Television stations add news and staff
Over the last several years, the media industry has had to make a significant number of cuts – to news, staff and frequency of publication. But while the television industry specifically has had to lay off plenty of employees, and even restructured the nature of the way news is captured in some cases (think backpack journalism), cutting news is one thing it hasn’t had to do much. At least not according to Hofstra University’s 2012 TV and Radio News Staffing and Profitability Survey, which reported that television stations are actually airing more news.
But this isn’t really anything new. The survey notes this is the fourth year in a row that the number of hours has increased, from 4.6 to 5 to 5.3 last year, while this year it is up to 5.5. Stations affiliated with Fox are running an average of 6.5 hours of news a day; CBS affiliates are at 6.8; ABC at 5.0; and NBC at 5.6. Bob Papper, the survey’s author as well as the professor and chair at Hofstra University’s journalism, media studies and public relations department, notes in the report that this isn’t just a matter of a couple of stations bringing the average up either. Most stations are airing approximately 5 hours of news a day. Saturday and Sunday also gained 6 minutes of news on average. More than 45 percent of stations reported adding more news. Meanwhile, only a small percentage reported running the same amount of news. Additionally, 3.9 percent of all TV news actually reported cutting newscasts. For 2012, 31.2 percent of stations reported plans to add newscasts, while 60.2 percent reported they would probably stay the same. No stations reported planned cutbacks in news programming.
“I think what the data says is that local TV sees local news as critical to its long-term survival,” Papper told inVocus. “While the ratings for a number of specific news programs have gone down, the aggregate news audience is still high, so stations are responding to that demand with more and more news, especially in the morning but also in other time slots. Once a station has a news department in place, the incremental costs of adding news remains relatively low, especially in comparison with ever-increasing costs for syndicated programs.”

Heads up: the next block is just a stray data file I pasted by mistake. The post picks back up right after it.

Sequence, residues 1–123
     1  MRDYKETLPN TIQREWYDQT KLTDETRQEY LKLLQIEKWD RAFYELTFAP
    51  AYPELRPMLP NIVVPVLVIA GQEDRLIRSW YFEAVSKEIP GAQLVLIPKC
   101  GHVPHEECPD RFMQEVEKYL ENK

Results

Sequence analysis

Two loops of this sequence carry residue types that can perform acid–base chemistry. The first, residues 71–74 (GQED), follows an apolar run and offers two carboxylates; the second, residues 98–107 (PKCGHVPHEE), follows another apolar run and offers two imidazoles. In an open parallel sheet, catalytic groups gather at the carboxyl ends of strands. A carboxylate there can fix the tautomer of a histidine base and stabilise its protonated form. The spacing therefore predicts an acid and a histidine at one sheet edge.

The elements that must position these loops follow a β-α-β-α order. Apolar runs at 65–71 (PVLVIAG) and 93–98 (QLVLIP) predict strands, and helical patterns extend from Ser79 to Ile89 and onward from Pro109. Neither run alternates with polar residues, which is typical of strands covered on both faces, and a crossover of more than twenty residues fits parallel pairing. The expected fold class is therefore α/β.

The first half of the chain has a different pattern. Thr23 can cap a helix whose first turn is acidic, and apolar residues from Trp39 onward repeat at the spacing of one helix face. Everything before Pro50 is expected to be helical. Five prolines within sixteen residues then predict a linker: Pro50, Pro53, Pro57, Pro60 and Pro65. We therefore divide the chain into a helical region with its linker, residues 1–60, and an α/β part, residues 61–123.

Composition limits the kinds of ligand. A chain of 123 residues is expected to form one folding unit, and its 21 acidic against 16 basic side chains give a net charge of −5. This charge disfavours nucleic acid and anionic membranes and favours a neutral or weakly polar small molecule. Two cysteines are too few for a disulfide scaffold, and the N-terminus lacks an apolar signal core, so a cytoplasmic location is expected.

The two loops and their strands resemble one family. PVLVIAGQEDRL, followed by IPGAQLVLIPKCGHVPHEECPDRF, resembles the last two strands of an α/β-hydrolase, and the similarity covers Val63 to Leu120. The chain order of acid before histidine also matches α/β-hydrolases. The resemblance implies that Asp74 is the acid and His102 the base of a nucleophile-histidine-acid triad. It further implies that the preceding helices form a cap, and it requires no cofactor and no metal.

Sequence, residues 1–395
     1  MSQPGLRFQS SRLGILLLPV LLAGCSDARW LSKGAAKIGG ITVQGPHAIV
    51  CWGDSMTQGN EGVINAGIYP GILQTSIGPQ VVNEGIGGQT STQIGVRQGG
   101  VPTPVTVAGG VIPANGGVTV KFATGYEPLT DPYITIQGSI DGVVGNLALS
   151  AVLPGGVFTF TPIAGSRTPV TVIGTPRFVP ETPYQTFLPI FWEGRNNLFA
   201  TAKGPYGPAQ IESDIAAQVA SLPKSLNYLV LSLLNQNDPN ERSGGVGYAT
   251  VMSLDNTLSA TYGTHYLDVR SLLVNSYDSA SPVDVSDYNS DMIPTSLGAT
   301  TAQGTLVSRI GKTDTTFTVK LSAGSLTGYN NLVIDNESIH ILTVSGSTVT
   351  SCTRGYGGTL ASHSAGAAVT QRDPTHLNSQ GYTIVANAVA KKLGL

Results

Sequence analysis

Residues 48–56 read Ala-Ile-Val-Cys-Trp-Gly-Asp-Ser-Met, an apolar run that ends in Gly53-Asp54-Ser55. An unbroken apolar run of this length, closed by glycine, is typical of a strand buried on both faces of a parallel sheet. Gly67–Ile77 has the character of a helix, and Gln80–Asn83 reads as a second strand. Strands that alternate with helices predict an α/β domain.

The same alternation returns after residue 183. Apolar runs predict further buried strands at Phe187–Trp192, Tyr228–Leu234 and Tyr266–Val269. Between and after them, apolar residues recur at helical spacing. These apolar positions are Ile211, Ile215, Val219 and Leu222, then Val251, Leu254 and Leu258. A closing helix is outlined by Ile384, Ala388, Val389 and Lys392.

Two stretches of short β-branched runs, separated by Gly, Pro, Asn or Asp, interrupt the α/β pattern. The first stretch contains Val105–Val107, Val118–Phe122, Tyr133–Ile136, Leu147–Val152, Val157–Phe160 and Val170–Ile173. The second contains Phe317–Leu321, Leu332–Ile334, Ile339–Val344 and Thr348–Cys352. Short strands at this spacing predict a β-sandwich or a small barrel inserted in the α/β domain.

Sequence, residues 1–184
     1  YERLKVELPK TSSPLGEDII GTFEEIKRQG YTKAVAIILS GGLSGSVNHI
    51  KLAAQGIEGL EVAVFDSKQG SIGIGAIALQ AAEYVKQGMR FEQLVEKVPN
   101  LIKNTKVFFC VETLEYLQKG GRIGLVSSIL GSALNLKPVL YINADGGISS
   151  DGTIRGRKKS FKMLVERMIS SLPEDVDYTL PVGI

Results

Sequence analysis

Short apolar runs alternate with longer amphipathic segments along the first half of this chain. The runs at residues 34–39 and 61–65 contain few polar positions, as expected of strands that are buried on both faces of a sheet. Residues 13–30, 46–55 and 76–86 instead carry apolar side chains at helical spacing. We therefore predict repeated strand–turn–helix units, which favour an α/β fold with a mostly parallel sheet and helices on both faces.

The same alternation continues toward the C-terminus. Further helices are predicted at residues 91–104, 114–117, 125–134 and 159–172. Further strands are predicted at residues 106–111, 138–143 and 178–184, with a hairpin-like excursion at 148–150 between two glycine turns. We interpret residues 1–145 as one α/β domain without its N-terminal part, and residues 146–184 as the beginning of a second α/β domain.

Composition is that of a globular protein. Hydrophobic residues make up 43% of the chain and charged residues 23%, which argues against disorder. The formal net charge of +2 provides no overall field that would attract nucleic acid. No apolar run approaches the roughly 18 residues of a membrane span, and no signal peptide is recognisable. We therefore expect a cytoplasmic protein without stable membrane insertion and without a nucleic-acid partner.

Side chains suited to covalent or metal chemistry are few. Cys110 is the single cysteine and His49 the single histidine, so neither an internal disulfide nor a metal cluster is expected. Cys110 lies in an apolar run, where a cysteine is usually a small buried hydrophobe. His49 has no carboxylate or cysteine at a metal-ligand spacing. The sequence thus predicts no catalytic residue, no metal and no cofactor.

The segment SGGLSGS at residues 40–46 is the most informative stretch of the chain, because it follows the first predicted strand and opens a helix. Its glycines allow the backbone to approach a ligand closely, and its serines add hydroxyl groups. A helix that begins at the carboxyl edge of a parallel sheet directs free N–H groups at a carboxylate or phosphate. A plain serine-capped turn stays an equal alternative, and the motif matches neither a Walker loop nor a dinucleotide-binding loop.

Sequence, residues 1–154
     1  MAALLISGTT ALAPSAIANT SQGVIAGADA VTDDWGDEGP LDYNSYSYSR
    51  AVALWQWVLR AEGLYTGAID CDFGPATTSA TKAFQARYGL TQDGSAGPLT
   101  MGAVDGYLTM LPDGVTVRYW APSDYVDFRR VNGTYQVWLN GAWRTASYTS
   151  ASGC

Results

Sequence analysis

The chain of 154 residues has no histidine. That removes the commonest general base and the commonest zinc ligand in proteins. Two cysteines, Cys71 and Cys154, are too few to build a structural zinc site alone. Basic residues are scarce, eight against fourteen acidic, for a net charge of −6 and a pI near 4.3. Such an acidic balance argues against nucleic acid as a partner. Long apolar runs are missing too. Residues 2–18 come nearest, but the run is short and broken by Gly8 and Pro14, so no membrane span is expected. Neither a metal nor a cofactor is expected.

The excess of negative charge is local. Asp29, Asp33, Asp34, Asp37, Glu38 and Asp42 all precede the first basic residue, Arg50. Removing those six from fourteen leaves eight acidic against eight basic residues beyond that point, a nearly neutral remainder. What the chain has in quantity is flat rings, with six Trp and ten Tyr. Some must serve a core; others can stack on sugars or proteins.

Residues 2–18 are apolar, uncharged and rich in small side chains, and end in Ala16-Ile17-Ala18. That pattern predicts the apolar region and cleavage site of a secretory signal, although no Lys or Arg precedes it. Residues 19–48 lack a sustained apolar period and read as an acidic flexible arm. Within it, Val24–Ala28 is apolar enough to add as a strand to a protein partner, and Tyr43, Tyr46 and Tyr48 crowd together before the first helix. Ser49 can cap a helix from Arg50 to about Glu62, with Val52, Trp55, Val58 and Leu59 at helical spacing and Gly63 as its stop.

Surprisingly, television stations also added staff in 2011 with 1,131 jobs, a 4.3 percent gain from the previous year. According to the report, the average TV station hired 5.4 replacements and 1.5 new additional positions. Meanwhile, the majority of news directors don’t expect any staff changes this year, while many expected to replace any staff that is cut.
“When newspapers started shedding staffers, they also cut the news hole – in some cases, pretty dramatically. TV, in contrast, added news even when it was cutting staff. That was okay for a while in a recession, but it was never a viable long-term strategy,” said Papper. “For two years in a row, TV has added staff – including a surprisingly high number for an odd-numbered year (2011) – and I suspect 2012 will see another jump. The biggest political advertising spending spree we’ve ever seen is certainly helping to fund that growth. What happens to the economy after the election is likely to determine what 2013 looks like.”
–Katrina M. Mendolera
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